Type 1 diabetes, or insulin-dependent diabetes is a chronic condition which requires specific treatment and rigorous lifestyle modifications. The disease is associated with high level of glucose in the blood which, if not treated optimally, may cause a broad spectrum of complications and damage too many organs and organ systems. Type 1 diabetes may affect people of all ages but is also frequently diagnosed in children. Insulin-dependent diabetes in children develops as a result of autoimmune destruction of the B cells in the pancreas. These cells normally synthesize insulin and since they are damaged the body lacks this hormone. This is why insulin must be injected on a regular basis for the rest of the patient's life.
Type 1 Diabetes - Pathophysiology
The underlying cause of type 1 diabetes remains a mystery. However, scientists have managed to confirm that in the majority of patients the body's own immune system attacks the pancreas, i.e. the insulin-producing (islet) cells. As far as medical experts are concerned, this autoimmune response is initiated genetically or occurs after exposure to certain viruses and other potential triggers of subsequent damage to the pancreas.
The bottom line is that the child in whom the pancreas has sustained significant damage will eventually face insufficient production of insulin or complete lack of the hormone. The importance of the hormone reflects in providing energy to muscles and other tissues by allowing glucose to enter their cells.
Problem becomes even more serious when the body tries to help and starts producing even more glucose from sources in the liver. As a result, the level of glucose in the blood significantly rises but the problem remains unsolved since this powerful fuel remains in the blood until one is prescribed insulin.
Symptoms and Signs of Type 1 Diabetes in Children
Symptoms and signs of type 1 diabetes in children are actually the same as the ones affecting adults suffering from insulin-dependent diabetes.
The hallmarks of type 1 diabetes are increased thirst and urination. Once the sugar accumulates in the bloodstream, fluid leaves tissues and gets more excreted via kidneys. The child complains about being thirsty all the time, drinks abnormally large amounts of fluid and subsequently, urinates a lot.
Extreme hunger is another characteristic of the disease and it develops due to improper transfer of glucose into body cells. The energy of the child is depleted and in spite of consuming too much food the child may even lose weight. Lack of energy is blamed for fatigue and the child eventually becomes tired and lethargic all the time.
Furthermore, some children may be irritated or behave unusually. Blurred vision is a problem that may additionally be reported due to increased level of sugar in blood.
Finally, since diabetic patients are prone to yeast infection, any such infection particularly in the genital area of girls or diaper rash in babies that does not subside for a long period of time must be properly evaluated.
Type 1 Diabetes and Potential Complications
Type 1 diabetes can have detrimental effects on the entire body and may cause damage to practically each and every organ or organ system.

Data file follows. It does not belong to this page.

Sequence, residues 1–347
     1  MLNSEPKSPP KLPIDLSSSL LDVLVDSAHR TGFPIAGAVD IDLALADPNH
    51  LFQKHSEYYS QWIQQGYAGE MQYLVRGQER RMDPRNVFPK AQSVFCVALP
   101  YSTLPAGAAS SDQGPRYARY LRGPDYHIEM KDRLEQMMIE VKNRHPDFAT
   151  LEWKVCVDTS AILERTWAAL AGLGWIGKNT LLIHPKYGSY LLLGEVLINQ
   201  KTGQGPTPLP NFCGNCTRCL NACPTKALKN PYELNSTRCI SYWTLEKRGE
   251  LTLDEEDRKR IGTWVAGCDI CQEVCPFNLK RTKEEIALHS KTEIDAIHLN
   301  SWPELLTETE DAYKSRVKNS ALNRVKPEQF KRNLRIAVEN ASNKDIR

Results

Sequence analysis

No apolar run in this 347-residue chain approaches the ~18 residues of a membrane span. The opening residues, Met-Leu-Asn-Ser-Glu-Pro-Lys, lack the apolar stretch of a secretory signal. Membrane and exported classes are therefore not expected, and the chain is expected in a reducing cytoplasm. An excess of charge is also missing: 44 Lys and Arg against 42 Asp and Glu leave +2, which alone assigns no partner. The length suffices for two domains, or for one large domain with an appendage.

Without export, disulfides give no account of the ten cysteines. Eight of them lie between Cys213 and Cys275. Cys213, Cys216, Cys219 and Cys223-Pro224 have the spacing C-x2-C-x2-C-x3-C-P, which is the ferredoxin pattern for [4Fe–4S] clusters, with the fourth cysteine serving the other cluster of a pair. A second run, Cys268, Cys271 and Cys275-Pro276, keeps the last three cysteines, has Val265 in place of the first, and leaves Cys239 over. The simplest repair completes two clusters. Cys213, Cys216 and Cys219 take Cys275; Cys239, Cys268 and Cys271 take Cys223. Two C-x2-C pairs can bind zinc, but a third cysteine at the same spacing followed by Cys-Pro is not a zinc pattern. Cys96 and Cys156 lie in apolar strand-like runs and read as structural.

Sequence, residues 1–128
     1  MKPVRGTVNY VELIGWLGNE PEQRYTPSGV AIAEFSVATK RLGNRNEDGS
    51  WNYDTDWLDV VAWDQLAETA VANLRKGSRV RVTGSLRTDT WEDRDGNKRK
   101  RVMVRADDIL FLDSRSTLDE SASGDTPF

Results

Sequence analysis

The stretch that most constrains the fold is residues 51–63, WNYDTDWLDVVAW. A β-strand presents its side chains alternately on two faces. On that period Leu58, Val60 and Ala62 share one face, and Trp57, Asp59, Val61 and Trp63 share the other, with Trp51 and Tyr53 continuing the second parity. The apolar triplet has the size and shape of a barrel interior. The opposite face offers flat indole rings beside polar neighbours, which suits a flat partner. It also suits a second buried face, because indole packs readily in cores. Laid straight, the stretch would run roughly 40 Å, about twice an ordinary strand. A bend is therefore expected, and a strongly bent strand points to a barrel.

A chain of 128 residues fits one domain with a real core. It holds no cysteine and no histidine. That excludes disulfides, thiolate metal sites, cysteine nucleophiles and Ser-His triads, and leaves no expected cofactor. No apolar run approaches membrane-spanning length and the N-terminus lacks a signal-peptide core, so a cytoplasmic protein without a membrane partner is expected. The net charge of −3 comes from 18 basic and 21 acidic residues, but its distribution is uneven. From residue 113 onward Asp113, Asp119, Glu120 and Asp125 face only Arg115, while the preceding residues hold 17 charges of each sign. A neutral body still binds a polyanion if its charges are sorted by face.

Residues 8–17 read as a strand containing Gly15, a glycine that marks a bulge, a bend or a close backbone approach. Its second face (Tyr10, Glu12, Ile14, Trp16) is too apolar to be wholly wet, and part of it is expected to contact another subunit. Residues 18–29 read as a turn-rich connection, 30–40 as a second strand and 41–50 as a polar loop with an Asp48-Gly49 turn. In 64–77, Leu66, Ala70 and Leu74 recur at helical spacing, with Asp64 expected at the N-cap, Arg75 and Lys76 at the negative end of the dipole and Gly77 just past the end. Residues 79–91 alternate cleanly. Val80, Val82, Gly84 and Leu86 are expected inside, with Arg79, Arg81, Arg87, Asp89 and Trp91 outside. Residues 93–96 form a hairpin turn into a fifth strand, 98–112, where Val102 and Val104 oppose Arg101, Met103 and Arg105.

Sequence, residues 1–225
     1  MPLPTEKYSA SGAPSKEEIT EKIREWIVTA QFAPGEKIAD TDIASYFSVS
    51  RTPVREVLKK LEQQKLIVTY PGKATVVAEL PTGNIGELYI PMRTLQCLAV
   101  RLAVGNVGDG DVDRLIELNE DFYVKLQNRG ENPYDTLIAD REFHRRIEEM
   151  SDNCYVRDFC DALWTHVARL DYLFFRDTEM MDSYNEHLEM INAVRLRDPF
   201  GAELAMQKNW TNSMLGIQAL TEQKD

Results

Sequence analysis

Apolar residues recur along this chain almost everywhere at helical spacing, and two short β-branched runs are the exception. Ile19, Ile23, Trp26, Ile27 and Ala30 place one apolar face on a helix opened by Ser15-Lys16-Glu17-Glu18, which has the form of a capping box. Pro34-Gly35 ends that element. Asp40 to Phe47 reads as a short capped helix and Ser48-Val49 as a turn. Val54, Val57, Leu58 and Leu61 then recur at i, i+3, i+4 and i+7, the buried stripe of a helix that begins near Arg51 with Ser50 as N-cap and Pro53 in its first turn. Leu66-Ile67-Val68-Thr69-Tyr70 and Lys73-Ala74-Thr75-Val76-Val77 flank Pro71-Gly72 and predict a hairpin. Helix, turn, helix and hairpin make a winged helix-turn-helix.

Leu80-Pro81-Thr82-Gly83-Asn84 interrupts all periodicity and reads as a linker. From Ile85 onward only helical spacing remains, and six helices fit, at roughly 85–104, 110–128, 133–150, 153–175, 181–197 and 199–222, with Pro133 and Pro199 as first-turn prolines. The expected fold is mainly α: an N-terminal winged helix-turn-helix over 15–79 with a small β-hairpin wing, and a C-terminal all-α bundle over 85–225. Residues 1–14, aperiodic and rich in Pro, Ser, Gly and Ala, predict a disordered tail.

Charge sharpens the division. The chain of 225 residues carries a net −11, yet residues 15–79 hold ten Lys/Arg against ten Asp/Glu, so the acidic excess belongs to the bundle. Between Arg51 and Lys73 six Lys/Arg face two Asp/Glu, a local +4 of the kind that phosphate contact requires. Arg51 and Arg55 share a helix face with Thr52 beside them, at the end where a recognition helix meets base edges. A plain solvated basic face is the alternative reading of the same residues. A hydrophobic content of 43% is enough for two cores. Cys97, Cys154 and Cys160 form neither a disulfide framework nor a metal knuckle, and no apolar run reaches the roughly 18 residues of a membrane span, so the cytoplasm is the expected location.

Even though the level of sugar in the child's blood is possible to be brought under control and maintained at an optimal level, certain complications will inevitable occur after many years.
First of all, there are heart and blood vessels complications. Cardiovascular problems of different kind may occur and these are basically blamed for angina, heart attack, stroke, atherosclerosis and high blood pressure, all of which usually occur later in life.
Secondly, excess sugar is blamed for damage to tiny vessels throughout the body, including vessels that nourish nerves (particularly nerves in the lower extremities). As a result, the patient may eventually develop diabetic neuropathy.
What is more, there is damage to the kidneys which may subsequently cause progressive kidney damage. Once the kidney function is lost, patients require either dialysis or kidney transplant.
Diabetic patients are prone to develop diabetic retinopathy later in their lives, foot damage due to poor circulation and progressive atherosclerosis They are also highly susceptible to bacterial or fungal infections.
Finally, even though there is no clear connection between diabetes type 1 and dementia or Alzheimer's disease, these two illnesses seem to occur more in diabetic patients compared to healthy population.
Type 1 Diabetes Relevant Data
According to statistical data from the 2011 national Diabetes Fact Sheet there are 25.8 million people, both children and adults suffering from diabetes in the United States. This means that 8.35 of the population is dealing with this chronic illness.
As for people under 20 years of age there are 215,000 (0.26%) of them suffering from this type of diabetes which makes 1 out of every 400 children and adolescents. Boys seem to be affected more compared to girls.
Fortunately, children do not develop complications of the disease during their childhood even though these health issues may be initiated in this period of their lives. However, this does not mean that complications of diabetes will not eventually occur and make treatment more complex and demanding.
Treatment for diabetic patients in general is rather expensive accounting for $174 billion of total cost (estimated in 2007) out of which $116 billion was spent on direct medical costs while $58 billion was spent on indirect costs, those associated with consequence of the disease like disability and work loss.